Last weekend one of my daughters told me she would be hanging out with her “best friend.” I’d never heard this girl’s name before. Eleanor has a new BFF every week. She also has a new favorite TV show, a new favorite movie, and a new favorite color. (My own favorite color – green, duh – has never budged.)
I can identify best friends from each chorus I’ve sung in, as well as best friends from high school and college, a best gaysian friend, best friends from Seattle/Chicago/______, etc. But in contrast with Eleanor, there’s only one person I refer to as “my best friend.”
I met Paul Anzinger on the first day of first grade (or Grade 1, as we say in Canada). For the next four years, the school inexplicably placed us in the same class together, no doubt to the dismay of our teachers. We were precocious, creative, and fun.
Paul had red hair and style. He lived on Eton Street, and we lived on Cambridge Street. Even when they finally put us in separate classes for a couple of years, Paul and I were partners in fun after-school adventures.
Unfortunately, the summer after Grade 6 my family moved from Vancouver to Brigham City, Utah. My parents wanted to be closer to family, start a business, and build their dream house. Presumably they didn’t also want to traumatize me. But that’s what happened.
In addition to all my other Utah wounds, I lost touch with Paul. I didn’t return to visit Vancouver until I was in college, when my parents moved to nearby Bellingham. All through the 1980s, I would come home from college, mission, grad school, and law school. I reconnected with Vancouver, and with Paul.
I saw Paul for the last time in Fall 2000. He died a couple of months later. We were thirty-six years old.
Vancouver Men’s Chorus begins two weekends of concerts on Granville Island tomorrow. (Excellent tickets are still available at angry and elegiac takes on the AIDS crisis, to lesbian gym teachers, to a “Divas Medley” where Team Gaga ultimately triumphs over Team Madonna.). This year's show is extra gay, with everything from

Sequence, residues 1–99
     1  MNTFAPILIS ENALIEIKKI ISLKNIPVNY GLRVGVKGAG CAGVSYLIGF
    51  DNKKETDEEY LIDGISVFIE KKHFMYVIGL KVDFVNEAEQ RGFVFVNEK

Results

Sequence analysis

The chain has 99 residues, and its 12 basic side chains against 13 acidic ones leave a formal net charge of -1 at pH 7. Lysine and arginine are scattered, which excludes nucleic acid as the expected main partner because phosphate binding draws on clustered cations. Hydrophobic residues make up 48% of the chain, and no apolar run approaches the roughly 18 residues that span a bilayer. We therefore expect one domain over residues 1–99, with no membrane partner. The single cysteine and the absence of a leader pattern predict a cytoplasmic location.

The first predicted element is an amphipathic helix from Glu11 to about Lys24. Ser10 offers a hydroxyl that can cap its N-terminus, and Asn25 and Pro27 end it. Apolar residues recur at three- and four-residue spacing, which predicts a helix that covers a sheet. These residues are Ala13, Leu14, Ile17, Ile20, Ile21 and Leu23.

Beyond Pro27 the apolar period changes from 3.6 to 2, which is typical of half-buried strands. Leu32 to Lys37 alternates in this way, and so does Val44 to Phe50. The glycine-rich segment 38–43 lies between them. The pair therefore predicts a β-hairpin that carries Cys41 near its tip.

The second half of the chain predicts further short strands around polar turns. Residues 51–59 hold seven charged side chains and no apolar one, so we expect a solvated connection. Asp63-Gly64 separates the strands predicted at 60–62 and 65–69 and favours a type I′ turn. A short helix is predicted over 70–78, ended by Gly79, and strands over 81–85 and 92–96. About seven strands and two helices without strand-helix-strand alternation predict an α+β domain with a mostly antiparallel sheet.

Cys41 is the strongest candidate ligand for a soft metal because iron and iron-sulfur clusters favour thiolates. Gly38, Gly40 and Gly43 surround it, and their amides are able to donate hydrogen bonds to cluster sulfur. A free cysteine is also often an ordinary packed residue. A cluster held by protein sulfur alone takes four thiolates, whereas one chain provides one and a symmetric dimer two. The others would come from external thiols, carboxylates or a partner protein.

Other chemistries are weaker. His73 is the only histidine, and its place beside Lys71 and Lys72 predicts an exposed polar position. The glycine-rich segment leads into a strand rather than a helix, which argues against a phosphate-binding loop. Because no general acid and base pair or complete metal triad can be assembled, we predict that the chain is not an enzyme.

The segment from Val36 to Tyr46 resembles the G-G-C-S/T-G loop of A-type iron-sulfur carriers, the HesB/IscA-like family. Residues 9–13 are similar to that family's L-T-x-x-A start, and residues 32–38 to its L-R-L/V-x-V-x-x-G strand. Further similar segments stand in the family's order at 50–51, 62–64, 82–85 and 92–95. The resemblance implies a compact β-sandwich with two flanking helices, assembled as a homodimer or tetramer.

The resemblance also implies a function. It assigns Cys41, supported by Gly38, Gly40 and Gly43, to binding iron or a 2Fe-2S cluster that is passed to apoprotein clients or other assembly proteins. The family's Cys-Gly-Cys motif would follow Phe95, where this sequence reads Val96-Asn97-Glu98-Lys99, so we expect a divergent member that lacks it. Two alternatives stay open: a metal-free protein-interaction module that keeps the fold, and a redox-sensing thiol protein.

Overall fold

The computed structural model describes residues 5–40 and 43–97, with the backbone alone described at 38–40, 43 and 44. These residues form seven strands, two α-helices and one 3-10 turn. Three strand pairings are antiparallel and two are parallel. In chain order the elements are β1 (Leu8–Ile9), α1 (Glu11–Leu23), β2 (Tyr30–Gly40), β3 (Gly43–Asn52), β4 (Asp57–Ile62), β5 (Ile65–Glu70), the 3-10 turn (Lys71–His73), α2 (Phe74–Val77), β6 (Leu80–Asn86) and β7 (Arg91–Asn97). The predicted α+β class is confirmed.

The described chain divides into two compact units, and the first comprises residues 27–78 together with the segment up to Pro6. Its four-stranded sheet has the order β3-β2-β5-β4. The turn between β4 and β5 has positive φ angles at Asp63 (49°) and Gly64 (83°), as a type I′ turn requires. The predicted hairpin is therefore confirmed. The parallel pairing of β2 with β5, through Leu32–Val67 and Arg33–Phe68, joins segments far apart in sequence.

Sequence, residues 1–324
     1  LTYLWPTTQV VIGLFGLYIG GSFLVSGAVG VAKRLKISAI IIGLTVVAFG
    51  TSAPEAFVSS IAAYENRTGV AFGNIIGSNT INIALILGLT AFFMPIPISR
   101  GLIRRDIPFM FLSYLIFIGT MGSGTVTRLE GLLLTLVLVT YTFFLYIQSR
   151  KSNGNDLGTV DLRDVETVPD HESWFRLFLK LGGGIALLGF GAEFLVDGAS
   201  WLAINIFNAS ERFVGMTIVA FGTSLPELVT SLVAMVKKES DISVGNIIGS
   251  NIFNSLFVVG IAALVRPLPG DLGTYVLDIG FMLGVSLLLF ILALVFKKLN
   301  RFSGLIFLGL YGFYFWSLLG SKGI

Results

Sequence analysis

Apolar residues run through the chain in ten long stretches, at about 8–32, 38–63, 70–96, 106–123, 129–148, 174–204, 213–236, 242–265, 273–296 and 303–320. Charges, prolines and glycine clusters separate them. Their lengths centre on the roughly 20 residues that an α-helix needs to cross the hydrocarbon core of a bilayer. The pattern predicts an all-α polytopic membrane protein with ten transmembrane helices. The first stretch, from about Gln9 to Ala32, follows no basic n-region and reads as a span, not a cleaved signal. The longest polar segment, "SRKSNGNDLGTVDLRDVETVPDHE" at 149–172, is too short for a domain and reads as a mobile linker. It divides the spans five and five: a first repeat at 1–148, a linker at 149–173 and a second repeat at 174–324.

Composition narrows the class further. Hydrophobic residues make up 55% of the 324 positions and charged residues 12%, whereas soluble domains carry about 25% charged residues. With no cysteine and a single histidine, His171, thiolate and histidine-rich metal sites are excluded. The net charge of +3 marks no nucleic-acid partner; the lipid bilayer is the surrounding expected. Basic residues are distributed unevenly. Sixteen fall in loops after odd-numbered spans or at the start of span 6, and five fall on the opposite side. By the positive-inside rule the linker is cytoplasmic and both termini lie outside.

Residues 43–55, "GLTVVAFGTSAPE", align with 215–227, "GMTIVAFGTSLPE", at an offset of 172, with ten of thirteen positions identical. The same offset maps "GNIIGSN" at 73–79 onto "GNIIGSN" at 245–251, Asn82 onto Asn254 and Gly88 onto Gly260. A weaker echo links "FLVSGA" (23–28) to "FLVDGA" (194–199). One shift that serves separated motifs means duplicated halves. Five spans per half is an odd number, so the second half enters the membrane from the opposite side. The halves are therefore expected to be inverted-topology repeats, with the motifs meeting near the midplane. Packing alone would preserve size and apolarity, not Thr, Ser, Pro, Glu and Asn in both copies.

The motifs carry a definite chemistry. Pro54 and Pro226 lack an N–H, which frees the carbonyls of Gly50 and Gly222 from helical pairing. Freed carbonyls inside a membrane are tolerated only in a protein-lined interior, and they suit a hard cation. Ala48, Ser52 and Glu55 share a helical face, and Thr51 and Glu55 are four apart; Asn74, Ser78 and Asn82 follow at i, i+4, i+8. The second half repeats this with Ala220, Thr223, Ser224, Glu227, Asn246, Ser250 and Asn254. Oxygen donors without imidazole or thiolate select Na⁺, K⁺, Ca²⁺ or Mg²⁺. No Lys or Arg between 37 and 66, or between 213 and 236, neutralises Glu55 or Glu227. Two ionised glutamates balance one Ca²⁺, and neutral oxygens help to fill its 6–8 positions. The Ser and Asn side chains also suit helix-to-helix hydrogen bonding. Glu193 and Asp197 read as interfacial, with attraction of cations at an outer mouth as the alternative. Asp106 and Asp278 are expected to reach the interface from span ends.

One of our songs, “Climb the Stairs,” is about a bookstore.
Sadly, VMC’s bookstore song is not a much-needed pretext for shifting the focus from buff dancing boys to sensitive gay nerds. Or gay dads. (Maybe next year.) We’re singing about an actual bookstore – Vancouver’s Little Sisters.
Not the current incarnation of Little Sisters, with its harsh fluorescent lighting and scant inventory of tawdry magazines and sex toys. The real Little Sisters was originally located a block away, on Thurlow at Davie. This was before Amazon, big box stores, and general illiteracy drove most independent bookstores out of business.
In “Climb the Stairs,” we sing about how Little Sisters functioned as Vancouver’s queer community center. The bookstore and its proprietors were also towering civil rights heroes, standing against discrimination and government censorship. Little Sisters even survived a bombing.
I wasn’t around for the explosions. Instead, my most vivid Little Sisters memory involves my friend Paul and the power of paradigm shifts.
After graduating from law school and moving to Seattle, I finally began the coming out process in earnest. I also began getting my Vancouver fix more regularly. Whenever I visited my parents in Bellingham, I would try to add a trip across the border. I would see Paul and other friends, and make my pilgrimage to Little Sisters, Numbers, and similar gay shrines.
When we were in our mid-twenties, Paul lived in the suburbs. One spring weekend I made a quick trip to the West End. I hadn’t told Paul I planned to be in Vancouver. So I was startled when I ran into him in the middle of Davie Street. On my way out of Little Sisters.
I was mortified. My immediate reaction was alarm that Paul must have figured out from my location that I was gay. (That’s how the closet works, folks, messing with your mind.) Fortunately, Paul didn’t say anything. And obviously I didn’t leap to any new assumptions about him.
A few weeks later, we were talking on the phone in preparation for another excursion to Vancouver. Paul casually mentioned that he’d seen me from a distance in Seattle the week before – in Volunteer Park at the annual Pride Festival.
Yes, I’m that clueless. You probably won’t be surprised when I describe the similar after-the-fact conversations I'd already had with my best friends from high school, college, grad school, and law school. Apparently I’m some kind of oblivious gay magnet. Or contagion.